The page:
Four Americans Qualify for US Open Junior Championships; Tiafoe Withdraws; Valkusz, Andreescu Win Grade 1 Titles in Canada
©Colette Lewis 2015--
Flushing Meadows NY--
Three US girls, all 14 years old, and one US boy have earned their places in the US Open Junior Championships, which begin Sunday at the Billie Jean King National Tennis Center.
The qualifying for juniors is played outside the east gate of the NTC, on practice courts, but there are always plenty of spectators. With the cool and breezy conditions Saturday, Corona Park was full of families enjoying the break from the heat and humidity of previous days, and several wandered by to watch for a game or two.
Spectators with more at stake included college coaches, who were getting a second look at Friday's winners as they assessed possible recruits.
Wolf was serving up 4-1 in the second set, but the 16-year-old from Cincinnati said it wasn't nerves or looking ahead that caused him to lose his serve.
"He played a very good game," Wolf said of Wu, ranked 45 in the world. "He's such a solid player, no weaknesses, so if I played a few loose points, he'd be right back in the match, and he did a great job coming back in both sets. I was up 5-1 in the first."
Wolf saved break points in his next service game, making a few unforced errors, but ultimately held when Wu made a few in reply. Keeping his concentration and composure appears to come naturally to Wolf, and Wu continued to miss, with Wolf taking the match with a break of serve.
"Before every point, all I say is, do you best," said Wolf, who finished third in Kalamazoo 16s this year as the top seed and was given a qualifying wild card by the USTA. "No expectations coming into this tournament, I'm like 500 ITF, would never have gotten in, so I was just doing what I could with this opportunity. There was no pressure for me; when I was up, it was the same as any other point. A little bit different than Kalamazoo, I didn't do it as well there, but I played some good players there."
Wolf had never been to New York before coming to compete in qualifying, and hopes his likely day off on Sunday can include some sightseeing.
"I'd never even seen Arthur Ashe Stadium until three days ago," said Wolf, who has attended the Western and Southern Open in Cincinnati. "It blew my mind to see how big this tournament was."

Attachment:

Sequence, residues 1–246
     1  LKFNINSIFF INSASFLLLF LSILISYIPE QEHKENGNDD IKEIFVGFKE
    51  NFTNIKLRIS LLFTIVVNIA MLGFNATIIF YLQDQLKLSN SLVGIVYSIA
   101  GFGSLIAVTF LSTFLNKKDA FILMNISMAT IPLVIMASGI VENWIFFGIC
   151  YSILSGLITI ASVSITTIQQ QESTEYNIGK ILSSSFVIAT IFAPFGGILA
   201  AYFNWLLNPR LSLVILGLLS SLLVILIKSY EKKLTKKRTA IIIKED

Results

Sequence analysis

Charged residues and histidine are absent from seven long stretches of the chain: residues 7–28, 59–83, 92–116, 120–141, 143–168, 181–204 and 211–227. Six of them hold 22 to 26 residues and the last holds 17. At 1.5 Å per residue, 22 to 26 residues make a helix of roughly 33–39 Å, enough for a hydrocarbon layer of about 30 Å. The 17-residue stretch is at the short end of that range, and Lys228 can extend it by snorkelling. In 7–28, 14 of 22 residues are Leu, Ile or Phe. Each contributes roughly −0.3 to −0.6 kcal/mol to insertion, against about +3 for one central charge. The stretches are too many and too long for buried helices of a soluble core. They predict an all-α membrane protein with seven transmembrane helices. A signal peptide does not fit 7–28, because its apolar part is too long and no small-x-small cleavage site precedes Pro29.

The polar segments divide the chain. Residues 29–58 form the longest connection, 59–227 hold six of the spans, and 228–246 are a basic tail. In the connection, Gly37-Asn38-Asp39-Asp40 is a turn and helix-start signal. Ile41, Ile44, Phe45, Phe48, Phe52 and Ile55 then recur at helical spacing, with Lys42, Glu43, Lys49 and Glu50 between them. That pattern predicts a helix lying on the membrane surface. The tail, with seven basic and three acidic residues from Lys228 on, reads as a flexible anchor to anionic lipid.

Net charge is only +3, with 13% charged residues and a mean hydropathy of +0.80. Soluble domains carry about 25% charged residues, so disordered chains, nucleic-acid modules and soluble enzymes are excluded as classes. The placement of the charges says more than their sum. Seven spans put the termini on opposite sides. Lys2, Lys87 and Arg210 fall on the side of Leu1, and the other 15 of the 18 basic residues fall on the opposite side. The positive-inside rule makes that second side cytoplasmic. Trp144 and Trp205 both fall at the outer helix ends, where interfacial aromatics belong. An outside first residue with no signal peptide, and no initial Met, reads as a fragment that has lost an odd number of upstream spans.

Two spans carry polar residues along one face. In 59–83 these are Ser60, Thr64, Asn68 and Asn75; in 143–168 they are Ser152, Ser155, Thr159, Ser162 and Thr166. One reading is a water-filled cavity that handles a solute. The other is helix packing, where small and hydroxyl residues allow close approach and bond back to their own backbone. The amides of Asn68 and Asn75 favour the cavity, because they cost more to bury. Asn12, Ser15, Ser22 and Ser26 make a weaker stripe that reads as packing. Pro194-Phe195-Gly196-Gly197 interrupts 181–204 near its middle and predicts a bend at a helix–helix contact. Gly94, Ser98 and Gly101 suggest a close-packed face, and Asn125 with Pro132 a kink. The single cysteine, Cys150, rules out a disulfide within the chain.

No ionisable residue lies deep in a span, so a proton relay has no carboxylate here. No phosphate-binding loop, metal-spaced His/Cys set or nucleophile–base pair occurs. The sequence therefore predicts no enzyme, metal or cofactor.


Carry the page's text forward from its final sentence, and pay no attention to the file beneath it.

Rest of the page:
Another newcomer to New York is Carson Branstine, who defeated No. 3 seed Ioana Pietroiu of Romania 6-3, 7-5 to make her first junior slam main draw.
"This is the best thing in the whole world," said Branstine, who turns 15 next week. "And this is just the qualifying. I'm so happy for myself that I competed really well. And I'm happy I got a crowd, which is really exciting. It's really cool and I'm really happy to be here."
Branstine, who beat No. 10 seed Mayuka Aikawa of Japan in a lengthy three-setter on Friday, is confident heading into the main draw.
"I'm ready for anyone," said Branstine, from Orange, California. "I'll take anyone. I'm just glad I'm in the main draw and I think I'm ready to play anyone here."
"The games were really long and tight, even if it was only 6-4," Anisimova said of the first set. "There were really long points, and I played my best. It was pretty windy, so you had to have more margin on the balls, but overall I think I played pretty well."
Anisimova, who turned 14 on Monday, reached the quarterfinals at last week's Grade 1 in College Park, Maryland as a qualifier, and her confidence is high as a result.
"I'm very excited," said the Miami-area resident. "It's a great opportunity and I think I can do well. I think I can get pretty far."
It didn't look promising for Subhash, who wrenched her right knee serving at 2-3 in the first set. A lengthy delay ensued, as Subhash was assessed by the trainer on the court where she fell, and then after walking to her chair, was treated by the trainer and a tournament doctor.
Returning to the court with the knee heavily taped, Subhash lost the game and the set, but her movement, a bit tentative at first, returned to normal midway through the second set. Cal recruit Hauger went up 5-2 in the second set, but Subhash got one of the breaks back and held, forcing Hauger to serve it out at 5-4. Hauger had a match point, but didn't convert it, and Subhash held and broke again to force a third set.
That too was close, but Subhash continued to tee off, going for winners and frequently making them. She held for 5-4, and Hauger, serving to stay in the match, was broken at love to end it.
"Until 5-2, I was thinking about it a lot, but then after that, I just started to focus on playing," said Subhash, who turned 14 on Wednesday. Despite the ice bag attached to her knee, Subhash said she felt "really great."
The draws have been posted for the US Open Junior Championships, and they do not include Frances Tiafoe, who decided not to play after accepting a wild card. In addition to the previously announced wild cards, Alexander Rotsaert and Gianni Ross received wild cards at the last minute.
I had initially thought Ross would get a special exemption into the main draw as a semifinalist in Repentigny, but because he was not in qualifying on his ITF ranking, he was not eligible for an SE.
With qualifiers and wild cards, the US has 19 girls and 15 boys competing. Five of the top nine seeds in the boys draw are American, including No. 1 Taylor Fritz and No. 2 Michael Mmoh.
At the Grade 1 in Repentigny, Canada, No. 5 seed Mate Valkusz of Hungary defeated unseeded Felix Auger Aliassime of Canada 6-2, 4-6, 6-4 to take the boys title. No. 11 seed Bianca Andreescu avenged an earlier Grade 1 final loss to fellow Canadian Charlotte Robillard-Millette, taking the girls title with a 6-1, 6-2 decision over the No. 2 seed.